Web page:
Browsing named entities in Horace Greeley, The American Conflict: A History of the Great Rebellion in the United States of America, 1860-65: its Causes, Incidents, and Results: Intended to exhibit especially its moral and political phases with the drift and progress of American opinion respecting human slavery from 1776 to the close of the War for the Union. Volume II.. You can also browse the collection for Edmund Randolph or search for Edmund Randolph in all documents.

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XI. Slavery in the War — Emancipation. Patrick Henry on Federal power over Slavery Edmund Randolph John Quincy Adams Joshua R. Giddings Mr. Lincoln Gov. Seward Gen. Butler Gen. Frement Gen. T. W. Sherman Gen. Wool Gen. Dix Gen. Halleck Gen. Cameron his report revised by President Lincoln Seward to McClellan Gen. Burnside Gen. Buell Gen. Hooker Gen. Sickles Gen. McCook Gen. Doubleday Gen. Williams Col. Anthony Gen. Hanter overruled by the President Gen. McClee, because a decided majority of the States have not the ties of sympathy and fellow-feeling for those whose interest would be affected by their emancipation. The majority of Congress is to the North, and the slaves are to the South. Gov. Edmund Randolph--who became Washington's Attorney-General--answered Mr. Henry: denying most strenuously that there is any power of abolition given to Congress by the Constitution; but not alluding to what Henry had urged with regard to the War power and t
ses, and 27 wagons taken and carried off; a third, Feb. 25. by Fitz Hugh Lee, across the Rappahannock, near Falmouth, surprising a camp, and taking 150 prisoners, with a loss of 14 men; a fourth, Feb. 26. by Gen. W. E. Jones, in the Valley, routing two regiments of Milroy's cavalry, and taking 200 prisoners, with a loss of 4 men only; while a more daring raid was made by Maj. White, of Jones's command, across the Potomac at Poolesville, taking 77 prisoners. Lee further reports that Capt. Randolph, of the Black Horse cavalry, by various raids into Fauquier county, captures over 200 prisoners and several hundred stand of arms; and that Lt. Moseby (whose name now makes its first appearance in a bulletin) has done much to harass the enemy; attacking him boldly on several occasions, and capturing many prisoners. One or two minor cavalry exploits, recited by Lee in General Order No. 29, read too much like romance to be embodied in sober history; yet such was the depression on our sid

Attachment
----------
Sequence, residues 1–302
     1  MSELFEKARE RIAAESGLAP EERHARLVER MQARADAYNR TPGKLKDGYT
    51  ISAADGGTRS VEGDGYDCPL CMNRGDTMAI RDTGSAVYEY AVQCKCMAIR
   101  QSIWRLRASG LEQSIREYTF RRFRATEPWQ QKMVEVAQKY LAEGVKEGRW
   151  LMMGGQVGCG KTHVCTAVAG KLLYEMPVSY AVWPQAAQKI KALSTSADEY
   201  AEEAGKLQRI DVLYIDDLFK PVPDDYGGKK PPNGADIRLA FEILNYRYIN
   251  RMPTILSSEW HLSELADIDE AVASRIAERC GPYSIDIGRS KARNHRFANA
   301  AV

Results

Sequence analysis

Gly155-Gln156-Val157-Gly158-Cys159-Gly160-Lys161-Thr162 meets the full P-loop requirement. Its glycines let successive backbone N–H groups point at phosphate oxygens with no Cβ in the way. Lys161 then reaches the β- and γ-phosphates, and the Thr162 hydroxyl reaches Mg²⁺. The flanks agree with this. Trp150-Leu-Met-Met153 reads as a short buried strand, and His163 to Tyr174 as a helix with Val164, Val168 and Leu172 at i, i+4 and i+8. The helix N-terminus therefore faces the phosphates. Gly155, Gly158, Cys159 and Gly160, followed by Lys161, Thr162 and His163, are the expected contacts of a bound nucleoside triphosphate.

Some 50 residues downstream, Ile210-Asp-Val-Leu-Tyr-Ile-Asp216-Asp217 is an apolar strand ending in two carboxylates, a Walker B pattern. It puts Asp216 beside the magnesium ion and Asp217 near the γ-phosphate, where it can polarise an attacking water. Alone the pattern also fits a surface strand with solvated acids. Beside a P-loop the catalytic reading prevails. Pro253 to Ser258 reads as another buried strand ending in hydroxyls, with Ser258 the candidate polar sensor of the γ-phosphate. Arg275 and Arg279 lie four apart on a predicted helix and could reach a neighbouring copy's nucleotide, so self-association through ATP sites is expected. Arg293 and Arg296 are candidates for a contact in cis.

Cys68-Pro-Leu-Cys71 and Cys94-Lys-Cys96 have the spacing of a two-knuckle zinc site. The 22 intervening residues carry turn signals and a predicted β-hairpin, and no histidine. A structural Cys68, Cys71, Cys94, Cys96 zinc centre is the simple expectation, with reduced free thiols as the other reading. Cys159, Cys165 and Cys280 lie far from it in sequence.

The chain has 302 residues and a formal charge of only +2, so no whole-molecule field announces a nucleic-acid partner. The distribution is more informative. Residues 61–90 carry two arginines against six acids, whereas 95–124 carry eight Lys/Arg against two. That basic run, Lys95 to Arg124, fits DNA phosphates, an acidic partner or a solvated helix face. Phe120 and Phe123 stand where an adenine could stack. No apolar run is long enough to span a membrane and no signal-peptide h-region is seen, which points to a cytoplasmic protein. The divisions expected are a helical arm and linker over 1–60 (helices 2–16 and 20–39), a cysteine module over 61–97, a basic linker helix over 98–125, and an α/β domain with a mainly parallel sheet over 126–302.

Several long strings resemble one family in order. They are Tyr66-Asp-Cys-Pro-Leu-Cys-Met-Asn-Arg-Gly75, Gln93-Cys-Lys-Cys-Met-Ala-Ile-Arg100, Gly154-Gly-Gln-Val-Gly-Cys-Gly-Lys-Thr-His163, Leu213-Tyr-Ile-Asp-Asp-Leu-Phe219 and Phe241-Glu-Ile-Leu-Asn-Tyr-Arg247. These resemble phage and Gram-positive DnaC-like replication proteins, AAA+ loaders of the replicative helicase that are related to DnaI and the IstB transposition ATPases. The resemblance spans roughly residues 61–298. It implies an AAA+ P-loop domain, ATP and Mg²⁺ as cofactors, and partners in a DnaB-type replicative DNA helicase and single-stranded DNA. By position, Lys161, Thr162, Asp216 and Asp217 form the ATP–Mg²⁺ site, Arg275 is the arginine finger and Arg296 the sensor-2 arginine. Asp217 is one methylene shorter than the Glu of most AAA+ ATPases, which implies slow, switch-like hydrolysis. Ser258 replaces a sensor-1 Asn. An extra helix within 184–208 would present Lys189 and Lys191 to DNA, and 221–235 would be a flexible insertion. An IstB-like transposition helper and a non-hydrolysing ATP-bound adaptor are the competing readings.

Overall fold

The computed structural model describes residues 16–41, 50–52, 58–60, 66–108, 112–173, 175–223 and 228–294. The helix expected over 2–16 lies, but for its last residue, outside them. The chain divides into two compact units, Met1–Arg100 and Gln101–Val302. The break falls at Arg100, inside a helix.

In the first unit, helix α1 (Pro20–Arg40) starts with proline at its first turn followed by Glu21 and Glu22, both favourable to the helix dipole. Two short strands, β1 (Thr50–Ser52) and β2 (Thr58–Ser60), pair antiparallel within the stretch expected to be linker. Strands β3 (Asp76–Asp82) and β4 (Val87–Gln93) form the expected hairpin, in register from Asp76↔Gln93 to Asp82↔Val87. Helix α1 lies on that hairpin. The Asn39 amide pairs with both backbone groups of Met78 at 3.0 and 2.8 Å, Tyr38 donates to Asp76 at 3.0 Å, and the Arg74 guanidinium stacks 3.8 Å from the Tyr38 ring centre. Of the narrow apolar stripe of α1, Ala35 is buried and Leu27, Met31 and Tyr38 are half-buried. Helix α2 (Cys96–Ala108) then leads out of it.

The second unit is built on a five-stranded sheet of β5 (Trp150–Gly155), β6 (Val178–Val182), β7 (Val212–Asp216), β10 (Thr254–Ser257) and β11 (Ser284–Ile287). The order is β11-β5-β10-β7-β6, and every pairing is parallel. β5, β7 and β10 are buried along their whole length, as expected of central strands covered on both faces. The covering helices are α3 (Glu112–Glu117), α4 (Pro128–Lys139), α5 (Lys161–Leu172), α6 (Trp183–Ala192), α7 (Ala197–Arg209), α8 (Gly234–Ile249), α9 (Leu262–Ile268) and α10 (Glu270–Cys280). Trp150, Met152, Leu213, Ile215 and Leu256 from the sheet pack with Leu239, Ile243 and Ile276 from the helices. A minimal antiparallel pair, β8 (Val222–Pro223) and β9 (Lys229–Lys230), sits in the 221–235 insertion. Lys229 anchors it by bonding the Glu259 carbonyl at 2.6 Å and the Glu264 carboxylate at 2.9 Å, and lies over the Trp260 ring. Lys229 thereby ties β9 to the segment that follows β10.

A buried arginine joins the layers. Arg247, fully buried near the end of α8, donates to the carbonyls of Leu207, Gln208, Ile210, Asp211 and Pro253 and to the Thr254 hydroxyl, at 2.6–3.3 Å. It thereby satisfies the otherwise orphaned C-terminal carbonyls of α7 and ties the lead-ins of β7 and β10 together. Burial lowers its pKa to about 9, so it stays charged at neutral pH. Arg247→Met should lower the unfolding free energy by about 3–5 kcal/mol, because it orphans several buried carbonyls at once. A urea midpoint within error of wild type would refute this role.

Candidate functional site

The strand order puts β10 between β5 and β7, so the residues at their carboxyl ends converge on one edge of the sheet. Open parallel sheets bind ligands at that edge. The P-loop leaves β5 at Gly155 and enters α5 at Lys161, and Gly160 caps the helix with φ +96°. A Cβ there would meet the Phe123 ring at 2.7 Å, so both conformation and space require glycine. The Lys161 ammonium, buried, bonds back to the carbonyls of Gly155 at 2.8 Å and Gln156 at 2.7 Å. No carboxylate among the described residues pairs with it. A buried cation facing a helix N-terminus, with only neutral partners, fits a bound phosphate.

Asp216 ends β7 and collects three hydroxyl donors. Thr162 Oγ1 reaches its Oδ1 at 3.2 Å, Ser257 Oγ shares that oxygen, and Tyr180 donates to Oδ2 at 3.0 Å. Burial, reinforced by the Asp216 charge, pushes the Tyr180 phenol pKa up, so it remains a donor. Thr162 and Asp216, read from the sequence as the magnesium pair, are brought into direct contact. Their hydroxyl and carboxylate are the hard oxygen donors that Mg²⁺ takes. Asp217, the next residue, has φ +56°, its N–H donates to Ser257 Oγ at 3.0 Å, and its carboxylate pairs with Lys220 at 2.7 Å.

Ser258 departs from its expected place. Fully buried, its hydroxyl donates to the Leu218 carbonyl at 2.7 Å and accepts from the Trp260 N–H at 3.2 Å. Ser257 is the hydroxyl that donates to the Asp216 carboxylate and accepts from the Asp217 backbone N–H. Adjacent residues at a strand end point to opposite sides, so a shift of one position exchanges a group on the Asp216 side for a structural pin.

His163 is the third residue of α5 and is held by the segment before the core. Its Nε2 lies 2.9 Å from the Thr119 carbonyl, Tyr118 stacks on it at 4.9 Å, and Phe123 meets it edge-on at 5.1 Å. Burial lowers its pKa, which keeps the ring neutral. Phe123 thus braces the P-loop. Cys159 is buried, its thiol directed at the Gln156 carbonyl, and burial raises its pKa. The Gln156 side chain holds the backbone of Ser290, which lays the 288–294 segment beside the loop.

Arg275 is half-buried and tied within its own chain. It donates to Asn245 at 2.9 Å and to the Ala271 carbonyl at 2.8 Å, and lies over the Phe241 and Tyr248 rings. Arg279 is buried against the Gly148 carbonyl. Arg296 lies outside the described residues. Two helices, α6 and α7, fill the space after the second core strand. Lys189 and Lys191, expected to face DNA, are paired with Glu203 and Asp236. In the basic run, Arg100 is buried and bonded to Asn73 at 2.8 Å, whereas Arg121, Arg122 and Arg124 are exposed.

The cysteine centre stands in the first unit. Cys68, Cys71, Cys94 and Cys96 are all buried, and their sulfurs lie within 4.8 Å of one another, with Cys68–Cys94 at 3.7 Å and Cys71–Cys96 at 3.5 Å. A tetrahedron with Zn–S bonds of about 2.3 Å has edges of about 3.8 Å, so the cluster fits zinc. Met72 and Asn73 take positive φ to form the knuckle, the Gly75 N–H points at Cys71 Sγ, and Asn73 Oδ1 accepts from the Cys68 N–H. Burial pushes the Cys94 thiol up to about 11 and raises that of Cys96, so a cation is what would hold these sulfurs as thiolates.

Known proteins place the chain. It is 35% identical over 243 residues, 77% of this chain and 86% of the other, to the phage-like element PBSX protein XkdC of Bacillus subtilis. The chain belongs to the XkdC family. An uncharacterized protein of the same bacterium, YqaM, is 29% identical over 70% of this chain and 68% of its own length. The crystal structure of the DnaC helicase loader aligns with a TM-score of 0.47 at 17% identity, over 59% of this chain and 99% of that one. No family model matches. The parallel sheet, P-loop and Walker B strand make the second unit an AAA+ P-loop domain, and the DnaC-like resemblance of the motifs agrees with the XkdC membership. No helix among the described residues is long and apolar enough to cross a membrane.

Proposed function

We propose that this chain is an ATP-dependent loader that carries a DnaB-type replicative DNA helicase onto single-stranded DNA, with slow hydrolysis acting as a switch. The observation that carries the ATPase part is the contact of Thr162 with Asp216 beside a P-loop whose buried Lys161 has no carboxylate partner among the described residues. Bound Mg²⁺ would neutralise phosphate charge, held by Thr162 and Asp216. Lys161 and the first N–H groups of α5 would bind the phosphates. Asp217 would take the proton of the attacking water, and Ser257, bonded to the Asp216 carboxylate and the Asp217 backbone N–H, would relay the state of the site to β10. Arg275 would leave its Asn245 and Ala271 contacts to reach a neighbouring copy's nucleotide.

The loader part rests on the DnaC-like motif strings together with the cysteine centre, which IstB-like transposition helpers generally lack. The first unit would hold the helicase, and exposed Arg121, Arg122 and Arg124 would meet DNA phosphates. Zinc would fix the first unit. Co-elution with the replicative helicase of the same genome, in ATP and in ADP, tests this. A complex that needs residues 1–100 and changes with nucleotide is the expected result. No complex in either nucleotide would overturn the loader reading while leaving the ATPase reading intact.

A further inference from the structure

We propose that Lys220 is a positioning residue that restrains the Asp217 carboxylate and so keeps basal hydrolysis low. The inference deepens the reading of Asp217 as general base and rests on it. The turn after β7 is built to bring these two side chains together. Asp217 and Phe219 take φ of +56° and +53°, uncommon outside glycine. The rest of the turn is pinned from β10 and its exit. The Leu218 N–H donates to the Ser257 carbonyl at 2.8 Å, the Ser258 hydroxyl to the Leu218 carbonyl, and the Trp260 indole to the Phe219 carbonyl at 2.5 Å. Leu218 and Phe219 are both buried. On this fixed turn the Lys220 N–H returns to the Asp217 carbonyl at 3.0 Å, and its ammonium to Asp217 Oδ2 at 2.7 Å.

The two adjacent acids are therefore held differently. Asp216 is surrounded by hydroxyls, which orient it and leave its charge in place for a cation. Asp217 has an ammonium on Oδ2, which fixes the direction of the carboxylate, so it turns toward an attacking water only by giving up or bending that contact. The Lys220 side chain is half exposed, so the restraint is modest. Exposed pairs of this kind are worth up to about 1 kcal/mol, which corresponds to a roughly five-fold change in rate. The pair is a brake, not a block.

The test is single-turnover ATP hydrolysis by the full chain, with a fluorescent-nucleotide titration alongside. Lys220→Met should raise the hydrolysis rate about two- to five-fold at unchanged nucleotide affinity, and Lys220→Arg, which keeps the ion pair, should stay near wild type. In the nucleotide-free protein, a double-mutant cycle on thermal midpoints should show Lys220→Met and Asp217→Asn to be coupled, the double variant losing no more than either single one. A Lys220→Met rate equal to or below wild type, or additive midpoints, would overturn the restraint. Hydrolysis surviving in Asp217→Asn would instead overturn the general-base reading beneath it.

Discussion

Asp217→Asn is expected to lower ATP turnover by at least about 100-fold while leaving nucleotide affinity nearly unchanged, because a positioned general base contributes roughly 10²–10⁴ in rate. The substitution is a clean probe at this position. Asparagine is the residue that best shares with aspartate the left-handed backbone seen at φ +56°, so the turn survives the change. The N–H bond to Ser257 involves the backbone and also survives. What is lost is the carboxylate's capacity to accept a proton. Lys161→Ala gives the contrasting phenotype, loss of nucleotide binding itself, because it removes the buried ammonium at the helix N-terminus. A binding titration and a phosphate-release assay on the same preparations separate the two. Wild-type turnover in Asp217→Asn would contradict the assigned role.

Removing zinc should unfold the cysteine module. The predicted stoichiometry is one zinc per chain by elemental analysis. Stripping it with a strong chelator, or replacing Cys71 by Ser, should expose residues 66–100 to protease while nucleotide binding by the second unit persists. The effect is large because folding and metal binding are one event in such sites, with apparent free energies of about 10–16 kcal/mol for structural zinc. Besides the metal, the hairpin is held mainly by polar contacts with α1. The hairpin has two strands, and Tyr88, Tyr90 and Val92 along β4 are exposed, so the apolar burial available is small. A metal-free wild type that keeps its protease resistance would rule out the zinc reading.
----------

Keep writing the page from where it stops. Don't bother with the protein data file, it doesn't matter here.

n to Charlottesville and the James, 727; Rains, Gen. James E., killed at Stone River, 282. ram Albemarle, destruction of the, 535. Ramseur, Col., 49th N. C., wounded at Malvern Hill, 166. Ramseur, Gen., killed at Cedar Creek, 615. Randolph, Edmund, on the Slave-Trade, 233. Ransom's brigade, at the siege of Vicksburg, 311. Ransom, Gen., wounded at Sabine Cross-roads, 539. Ransom, Col., 35th N. C., wounded at Malvern Hill, 166. Rapidan, Rebels crossing the, 171; guarded Sinclair, Col. Wm. T., wounded at Fredericksburg, 347. Skiddaway, S. C., abandoned by the Rebels, 460. slaughter, Gen. J. E., routs Col. Barrett at Brazos, on the Rio Grande, 757. Slavery in War, 232; Patrick Henry, J. Q. Adams , Edmund Randolph, and others on, 233-6; Joshua R. Giddings and Gov. Seward on, 237; Mr. Lincoln on, 2:37; the West Point conception of, 237; Gens. McDowell and McClellan on, 237-8; Gen. Butler declares slaves contraband of war, 238; Gen. Cameron, Gen. Fremon